Calgary’s fleet of e-scooters are currently in hibernation, but the wheels are still turning on the city’s pilot program.
City council has a few big decisions to make as the program enters into its second year — namely whether or not the scooters should become a permanent staple on the city’s streets and sidewalks.
The City of Calgary has released a report following up on the first half a year or so of operations, detailing statistics on how much the scooters were used over the course of July to October of this year.
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According to the report, there were 750,000 recorded e-scooter trips during that time, with a survey finding that those who did use the scooters had generally used them for five to 15 trips.
A third of those trips, so roughly 250,000 scooter rides, were done to save the rider a car trip, and over half of all scooter trips terminated somewhere in Calgary’s Business Improvement Area or Business Revitalization Zone — which could mean that scooter riders were using the rides to access local businesses.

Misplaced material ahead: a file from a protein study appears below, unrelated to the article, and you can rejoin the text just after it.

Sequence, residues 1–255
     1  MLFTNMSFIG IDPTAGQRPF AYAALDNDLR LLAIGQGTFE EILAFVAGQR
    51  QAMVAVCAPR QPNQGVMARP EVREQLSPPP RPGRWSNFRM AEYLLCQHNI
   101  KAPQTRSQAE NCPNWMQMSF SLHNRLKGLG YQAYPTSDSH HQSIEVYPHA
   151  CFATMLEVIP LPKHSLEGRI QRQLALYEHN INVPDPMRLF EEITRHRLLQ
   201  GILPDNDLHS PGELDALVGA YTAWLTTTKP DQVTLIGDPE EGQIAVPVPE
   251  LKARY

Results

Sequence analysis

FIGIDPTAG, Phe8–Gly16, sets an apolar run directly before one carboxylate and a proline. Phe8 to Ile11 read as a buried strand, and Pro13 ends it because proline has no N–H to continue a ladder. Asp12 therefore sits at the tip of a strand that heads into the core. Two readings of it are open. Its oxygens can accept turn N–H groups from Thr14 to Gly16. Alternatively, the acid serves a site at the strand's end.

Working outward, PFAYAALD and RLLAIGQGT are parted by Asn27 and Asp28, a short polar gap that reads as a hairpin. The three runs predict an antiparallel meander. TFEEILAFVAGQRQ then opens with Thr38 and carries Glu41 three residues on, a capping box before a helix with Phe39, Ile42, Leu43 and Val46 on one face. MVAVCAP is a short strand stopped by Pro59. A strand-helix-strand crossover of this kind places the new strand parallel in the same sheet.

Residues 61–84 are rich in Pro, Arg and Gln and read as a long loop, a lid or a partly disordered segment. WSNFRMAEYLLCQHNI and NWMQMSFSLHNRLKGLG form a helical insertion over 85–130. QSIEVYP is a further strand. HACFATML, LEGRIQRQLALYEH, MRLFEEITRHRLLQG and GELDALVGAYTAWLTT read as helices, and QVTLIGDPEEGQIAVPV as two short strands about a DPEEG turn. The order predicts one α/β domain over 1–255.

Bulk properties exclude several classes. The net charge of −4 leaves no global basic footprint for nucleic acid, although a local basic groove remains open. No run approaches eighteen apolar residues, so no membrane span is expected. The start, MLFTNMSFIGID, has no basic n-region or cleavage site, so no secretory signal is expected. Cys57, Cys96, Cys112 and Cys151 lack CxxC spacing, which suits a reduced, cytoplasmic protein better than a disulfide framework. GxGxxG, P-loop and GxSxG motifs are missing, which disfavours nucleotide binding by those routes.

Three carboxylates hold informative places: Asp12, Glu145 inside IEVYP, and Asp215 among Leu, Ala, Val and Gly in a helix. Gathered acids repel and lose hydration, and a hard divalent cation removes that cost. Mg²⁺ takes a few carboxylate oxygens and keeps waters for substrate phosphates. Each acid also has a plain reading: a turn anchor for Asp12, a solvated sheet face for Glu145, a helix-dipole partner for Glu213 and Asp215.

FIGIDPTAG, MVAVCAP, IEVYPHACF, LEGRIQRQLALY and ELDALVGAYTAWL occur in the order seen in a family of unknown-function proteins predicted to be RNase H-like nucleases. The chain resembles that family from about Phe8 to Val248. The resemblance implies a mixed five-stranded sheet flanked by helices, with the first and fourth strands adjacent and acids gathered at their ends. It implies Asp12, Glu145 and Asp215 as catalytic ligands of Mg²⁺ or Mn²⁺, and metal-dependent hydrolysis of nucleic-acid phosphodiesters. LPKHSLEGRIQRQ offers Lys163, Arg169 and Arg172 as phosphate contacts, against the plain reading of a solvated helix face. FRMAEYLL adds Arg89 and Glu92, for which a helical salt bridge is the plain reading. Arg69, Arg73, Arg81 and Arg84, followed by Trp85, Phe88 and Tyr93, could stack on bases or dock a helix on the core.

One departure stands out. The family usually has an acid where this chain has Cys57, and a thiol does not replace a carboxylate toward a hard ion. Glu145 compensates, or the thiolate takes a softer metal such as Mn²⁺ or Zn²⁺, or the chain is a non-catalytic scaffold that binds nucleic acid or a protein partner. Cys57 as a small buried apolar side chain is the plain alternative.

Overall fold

When it comes to injuries over the course of the four months, there were a total of 33 serious injuries that required an ambulance ride to an emergency room. Minor injuries were seen at a rate of one in every 1,500 rides, which equals out to about 500 small injuries across the 750,000 total rides.
The release notes that the above rate of injury is actually significantly lower when compared to bikes, according to Bird Canada, one of Calgary’s two e-scooter suppliers.
The fleet of 1,500 scooters are expected to be back on Calgary’s streets by March 2020 for the final phase of the pilot project.